By Michael Giles

STARTING on Sunday, October 23 this week, it’s Fire Action Week, a time to officially kick off preparations for the 2016-17 fire season.
And while record spring rainfall in many parts of the state, and near record levels in other areas mean that the wild fire danger period has either been greatly reduced or pushed out further into the warmer months, we will definitely still have our moments this summer.
How quickly we forget.
Last summer Victoria experienced an early start to the summer season, with significant fires in October and November, followed by the Wye River/Separation Creek fire in late December 2015.
Across the entire season, there were 21 Total Fire Ban days, with Extreme Fire Danger conditions forecast over five days.
In total, Victoria’s emergency services responded to over 4,500 bush and grassfires, resulting in 28,000 hectares burnt and the loss of 145 homes.
Fire Action Week provides a great opportunity to consider what you need to do to protect your family and your property ahead of the fire season, and also for the emergency services to have their briefings and start to make their preparation in earnest for the dangers that may, correction will, lie ahead.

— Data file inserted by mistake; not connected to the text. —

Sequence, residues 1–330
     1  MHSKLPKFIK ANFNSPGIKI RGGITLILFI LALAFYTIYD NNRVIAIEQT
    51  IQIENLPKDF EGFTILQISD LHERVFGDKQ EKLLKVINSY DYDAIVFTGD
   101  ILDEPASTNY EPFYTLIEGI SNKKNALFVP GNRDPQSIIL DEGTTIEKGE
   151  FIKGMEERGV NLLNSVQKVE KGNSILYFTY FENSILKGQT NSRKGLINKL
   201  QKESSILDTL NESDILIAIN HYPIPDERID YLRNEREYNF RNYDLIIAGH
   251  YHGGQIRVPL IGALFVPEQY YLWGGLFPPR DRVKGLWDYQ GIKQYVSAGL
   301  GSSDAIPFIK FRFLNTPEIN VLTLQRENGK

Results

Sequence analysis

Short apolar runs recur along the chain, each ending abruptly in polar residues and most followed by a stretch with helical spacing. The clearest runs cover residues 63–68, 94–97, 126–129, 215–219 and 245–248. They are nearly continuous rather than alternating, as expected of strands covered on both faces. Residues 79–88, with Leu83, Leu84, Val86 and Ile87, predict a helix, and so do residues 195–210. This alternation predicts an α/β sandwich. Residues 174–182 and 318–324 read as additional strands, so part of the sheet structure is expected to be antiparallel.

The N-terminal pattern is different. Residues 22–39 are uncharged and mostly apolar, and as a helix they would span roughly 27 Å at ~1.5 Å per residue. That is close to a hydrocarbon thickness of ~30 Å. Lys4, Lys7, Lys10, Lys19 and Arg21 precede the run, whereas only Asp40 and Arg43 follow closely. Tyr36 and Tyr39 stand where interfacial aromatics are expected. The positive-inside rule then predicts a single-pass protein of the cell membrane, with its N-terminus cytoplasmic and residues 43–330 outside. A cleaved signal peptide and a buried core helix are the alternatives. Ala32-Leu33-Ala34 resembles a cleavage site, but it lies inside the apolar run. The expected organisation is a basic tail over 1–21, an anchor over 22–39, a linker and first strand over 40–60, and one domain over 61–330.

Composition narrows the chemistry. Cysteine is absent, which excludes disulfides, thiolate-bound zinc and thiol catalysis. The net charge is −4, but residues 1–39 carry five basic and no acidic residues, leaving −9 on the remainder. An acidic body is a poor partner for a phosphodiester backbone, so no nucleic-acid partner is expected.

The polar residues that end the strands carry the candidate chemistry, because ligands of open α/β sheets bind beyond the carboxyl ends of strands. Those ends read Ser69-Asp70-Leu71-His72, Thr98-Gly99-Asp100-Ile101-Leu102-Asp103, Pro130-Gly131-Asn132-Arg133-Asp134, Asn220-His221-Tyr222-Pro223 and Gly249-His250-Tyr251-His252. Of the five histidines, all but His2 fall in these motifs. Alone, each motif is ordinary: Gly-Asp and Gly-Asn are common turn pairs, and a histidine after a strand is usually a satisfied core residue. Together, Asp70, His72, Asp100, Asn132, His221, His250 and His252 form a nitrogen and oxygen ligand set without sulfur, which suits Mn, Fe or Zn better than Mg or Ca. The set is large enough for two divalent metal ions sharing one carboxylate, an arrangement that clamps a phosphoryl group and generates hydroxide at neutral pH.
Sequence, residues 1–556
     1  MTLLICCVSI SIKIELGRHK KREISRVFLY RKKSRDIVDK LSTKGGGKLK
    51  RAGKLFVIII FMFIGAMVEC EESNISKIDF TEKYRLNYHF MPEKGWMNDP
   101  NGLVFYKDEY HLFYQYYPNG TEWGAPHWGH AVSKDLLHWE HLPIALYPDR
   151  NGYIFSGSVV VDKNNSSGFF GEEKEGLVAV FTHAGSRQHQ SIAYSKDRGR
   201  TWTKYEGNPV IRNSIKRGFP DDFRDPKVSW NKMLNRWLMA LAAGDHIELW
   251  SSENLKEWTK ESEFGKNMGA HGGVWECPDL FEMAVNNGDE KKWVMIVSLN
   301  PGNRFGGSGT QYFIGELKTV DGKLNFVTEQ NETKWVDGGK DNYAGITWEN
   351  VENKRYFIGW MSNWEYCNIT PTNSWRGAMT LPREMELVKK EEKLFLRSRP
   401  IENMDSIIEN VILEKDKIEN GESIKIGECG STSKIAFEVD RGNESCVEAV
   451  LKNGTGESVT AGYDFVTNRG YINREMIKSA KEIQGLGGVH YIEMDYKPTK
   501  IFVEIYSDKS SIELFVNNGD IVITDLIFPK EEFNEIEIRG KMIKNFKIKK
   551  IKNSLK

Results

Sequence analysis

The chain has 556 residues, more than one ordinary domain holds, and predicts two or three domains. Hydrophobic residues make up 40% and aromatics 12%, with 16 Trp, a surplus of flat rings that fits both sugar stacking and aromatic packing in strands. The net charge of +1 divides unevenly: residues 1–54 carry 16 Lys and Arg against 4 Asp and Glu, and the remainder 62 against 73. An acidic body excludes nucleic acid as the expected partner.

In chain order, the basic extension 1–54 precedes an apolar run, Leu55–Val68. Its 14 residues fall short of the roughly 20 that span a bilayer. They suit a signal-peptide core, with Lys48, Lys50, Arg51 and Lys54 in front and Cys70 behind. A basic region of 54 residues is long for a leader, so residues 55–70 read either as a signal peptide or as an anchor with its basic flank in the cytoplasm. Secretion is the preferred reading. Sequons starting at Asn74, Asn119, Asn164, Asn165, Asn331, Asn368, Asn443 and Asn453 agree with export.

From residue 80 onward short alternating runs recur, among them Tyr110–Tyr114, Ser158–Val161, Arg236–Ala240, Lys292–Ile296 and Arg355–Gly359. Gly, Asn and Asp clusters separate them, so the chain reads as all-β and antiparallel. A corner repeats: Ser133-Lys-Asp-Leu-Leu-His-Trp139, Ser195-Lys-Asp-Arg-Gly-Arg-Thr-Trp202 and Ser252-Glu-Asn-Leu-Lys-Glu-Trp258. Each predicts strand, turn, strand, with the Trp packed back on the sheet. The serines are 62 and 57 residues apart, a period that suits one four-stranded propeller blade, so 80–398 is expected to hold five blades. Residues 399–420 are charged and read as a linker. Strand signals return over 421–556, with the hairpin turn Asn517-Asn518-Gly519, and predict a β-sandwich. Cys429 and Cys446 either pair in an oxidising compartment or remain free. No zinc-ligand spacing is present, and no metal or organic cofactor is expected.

So, good on the State Government and the emergency service agencies for highlighting this important issue to the community.
But there’s something else the State Government should attend to this Fire Action Week, and in the months beyond, and that’s mending fences.
Talking to some CFA members over the weekend, and in recent times, there’s no doubt that a lot of them feel browned off by “all the crap that has been
going on”.
Some people I have spoken to don’t want a bar of politics and they’re considering giving volunteer fire fighting away. They joined the CFA because you could basically run your own show down at your local CFA shed, keeping in contact with the region, but simply getting together with likeminded people to help protect your local community, and beyond when required, in the case of fire.
It would be terribly damaging to this sensational organisation that only deserves our praise and support, if valued volunteers started to drift away for feeling unappreciated, or if others didn’t come forward to join.
Having pushed through the UFU’s claims, it is now incumbent on Daniel Andrews to show some leadership where the volunteers are concerned as well.
He could start by saying “I’m sorry” and “We need you”.